By Victoria Field, co-editor with Gillie Bolton and Kate Thompson of the new book Writing Routes: A Resource Handbook of Therapeutic Writing.
When I attended my first-ever writing workshop in 1995 at the relatively mature age of 32, I was astonished how easily the words flowed, as if a dam had been breached. I couldn’t stop writing and was only slowed down by the rate at which I could push my pen across a page or pound the keys on an old electric typewriter. I was writing fiction but all of it was based on real experiences. At the time, I was aware I was accessing emotions and memories that had been long buried, and how cathartic that process was.
I spent hours letting the stories seemingly write themselves. I re-lived painful memories of my father’s dying and found myself writing about traumatic events experienced by those close to me as well as by myself. It was an exhilerating sensation that opened the door for me into the world of ‘therapeutic writing’ and set me on the path to eventually qualifying as a Poetry Therapist ten years later.
Fifteen years since that first workshop, I still have the writing impulse and know that life goes better when I regularly process my preoccupations and turn ideas and impressions into writing, whether fiction, poetry, drama or straight memoir. It’s also gratifying to see that the evidence base for the health benefits of writing is growing all the time, particularly through the work of American researcher, James Pennebaker.
But I am no longer naive about the process. I have a sense of what might be coming and where my writing might be leading me. This means that, like a sailor subtly leaning on the tiller, I can change course if need be, avoid the storms and head for safer waters. It also means that sometimes I need to nudge myself into setting sail at all. Now that I engage in more formal writing, I tend to have an eye on the finished product and a sense of who its audience might be. Therapeutic writing is all about trusting the process and not, at least at the beginning, being overly concerned about the product. I sometimes need to give myself permission to dive back into the exciting, unpredictable waters of just writing whatever comes. And it’s helpful to have an element of surprise that comes, as it did on my first writing workshop, from following the prompts of other people.
Permission to write is one of the threads running through our new book, Writing Routes. Each of the 70 or so contributors has described their own way in to therapeutic writing. Each of them tells a personal story of how they were prompted to write, what they wrote and what they learned from it. These stories are told in such a way that readers can easily emulate the process and see what emerges for themselves.
One of the characteristics of therapeutic writing and the world of poetry therapy, is its inclusiveness and willingness to share techniques and their outcomes. In the pages of Writing Routes, the words of eminent poets such as Gwyneth Lewis, Les Murray and Penelope Shuttle sit alongside those of writers in print for the first time. All of us are first-timers when we sit down with the blank page in front of us.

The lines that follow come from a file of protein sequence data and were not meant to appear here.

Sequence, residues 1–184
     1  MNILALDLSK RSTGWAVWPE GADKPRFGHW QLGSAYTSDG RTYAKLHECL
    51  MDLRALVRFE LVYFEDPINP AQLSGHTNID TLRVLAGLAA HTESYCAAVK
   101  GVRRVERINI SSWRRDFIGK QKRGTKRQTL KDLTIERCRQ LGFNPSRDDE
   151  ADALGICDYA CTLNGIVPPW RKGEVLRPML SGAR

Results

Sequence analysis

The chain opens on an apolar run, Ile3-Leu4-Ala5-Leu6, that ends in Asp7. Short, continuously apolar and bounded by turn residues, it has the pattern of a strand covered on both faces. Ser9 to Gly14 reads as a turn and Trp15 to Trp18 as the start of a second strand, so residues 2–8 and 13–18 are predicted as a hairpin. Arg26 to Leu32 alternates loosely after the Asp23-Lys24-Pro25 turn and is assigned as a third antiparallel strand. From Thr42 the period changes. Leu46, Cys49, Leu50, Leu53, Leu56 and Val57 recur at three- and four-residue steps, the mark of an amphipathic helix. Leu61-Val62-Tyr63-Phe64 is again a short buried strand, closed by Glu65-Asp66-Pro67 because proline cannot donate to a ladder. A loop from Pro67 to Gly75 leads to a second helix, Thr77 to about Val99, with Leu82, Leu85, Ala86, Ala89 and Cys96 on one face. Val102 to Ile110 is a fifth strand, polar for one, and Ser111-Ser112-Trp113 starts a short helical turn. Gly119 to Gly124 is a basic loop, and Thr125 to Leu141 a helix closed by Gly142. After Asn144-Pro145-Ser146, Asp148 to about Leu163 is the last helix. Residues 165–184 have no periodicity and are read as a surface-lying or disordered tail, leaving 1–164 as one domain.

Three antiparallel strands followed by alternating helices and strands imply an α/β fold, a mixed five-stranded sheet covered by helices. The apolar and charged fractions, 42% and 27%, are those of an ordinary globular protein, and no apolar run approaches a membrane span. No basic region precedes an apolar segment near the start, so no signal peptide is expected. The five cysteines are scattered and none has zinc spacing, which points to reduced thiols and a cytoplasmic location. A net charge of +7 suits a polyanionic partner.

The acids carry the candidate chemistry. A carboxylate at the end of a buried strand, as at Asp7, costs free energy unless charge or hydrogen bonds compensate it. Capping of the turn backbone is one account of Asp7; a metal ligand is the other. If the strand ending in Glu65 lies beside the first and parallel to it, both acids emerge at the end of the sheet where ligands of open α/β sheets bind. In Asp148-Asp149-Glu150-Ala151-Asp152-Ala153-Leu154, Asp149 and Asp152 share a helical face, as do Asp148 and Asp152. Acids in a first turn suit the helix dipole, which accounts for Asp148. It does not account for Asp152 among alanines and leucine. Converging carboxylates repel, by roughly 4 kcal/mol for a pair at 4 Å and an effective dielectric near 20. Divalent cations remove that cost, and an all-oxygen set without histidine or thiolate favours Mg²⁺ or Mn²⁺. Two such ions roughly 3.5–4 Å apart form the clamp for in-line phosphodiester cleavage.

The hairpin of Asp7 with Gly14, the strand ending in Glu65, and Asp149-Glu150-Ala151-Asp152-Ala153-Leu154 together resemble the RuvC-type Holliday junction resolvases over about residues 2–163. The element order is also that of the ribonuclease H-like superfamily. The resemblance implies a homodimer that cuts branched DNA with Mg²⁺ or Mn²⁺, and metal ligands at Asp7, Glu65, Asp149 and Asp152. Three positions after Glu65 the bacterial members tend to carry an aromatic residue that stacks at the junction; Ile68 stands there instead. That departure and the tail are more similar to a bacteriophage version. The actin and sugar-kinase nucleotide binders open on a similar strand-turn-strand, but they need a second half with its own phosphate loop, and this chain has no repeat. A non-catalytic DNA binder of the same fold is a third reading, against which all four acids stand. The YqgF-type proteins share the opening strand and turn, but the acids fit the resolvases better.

Writing Routes also confirms and extends the community of people interested in the potential of words to heal. There’s a paradox that whilst writing is usually a solitary activity, there are many benefits of writing in groups: gentle pressure from the facilitator, unexpected suggestions and the heightened state that comes from being with others can all lead to strange synchronicities that energise the writing and encourage people to greater self-awareness and creativity. It’s not always possible to write in a group, but a book like Writing Routes, can, through its first-person accounts, mimic a sense of writing as a conversation.
One morning this Christmas, I was delighted to see a kingfisher from my mother’s kitchen window. It made me think of a contribution to our book from Abi Curtis, in which she describes how she created a poem based on a memory of seeing a kingfisher. Her piece is followed by one by Kate Compston turning conventional wisdom on its head and describing how a poem might invite us to write it. After reading these two accounts, I start noting associations with the bird I’ve just seen. The kingfisher’s astonishing blue and the time of year puts me in mind of Nativity scenes and the fact that my mother is called Mary. Suddenly, I have a way into my writing, bringing together images of domesticity and wonder, personal material about my mum and the healing qualities of nature. Kate and Abi’s pieces are in the chapter called ‘Getting Into Writing’. Other chapters in the book are organised by subject matter, so if readers know that they want, or need, to write about family or transitions or physical ailments, they can easily find ideas and suggestions for getting started.
Our title reflects the way writing is a journey – or rather many journeys. Many of the contributions in Writing Routes describe how personal writing also provides maps for the future, enabling the writer to see the way ahead more clearly. The closing piece in the book, by Fiona Hamilton, appropriately, describes writing on trains. She notes that ‘writing offered no saccharine alleviation of symptoms but rather a passionate making and remaking, a taking pleasure, delight, an experiencing of loss, hopelessness, hope, a reaching out, a shedding, a perpetual enquiry.’
I’m writing this blog entry at the beginning of the new year and offer you Fiona’s comment as a writing prompt: What have you lost in 2010? What are your hopes for 2011? What are you shedding? Where will you find pleasure and delight?
Your pen is inviting you to pick it up and write and through your writing, trite as it may sound, take steps to heal your past, live your present and create your future.
Copyright © Jessica Kingsley Publishers 2011.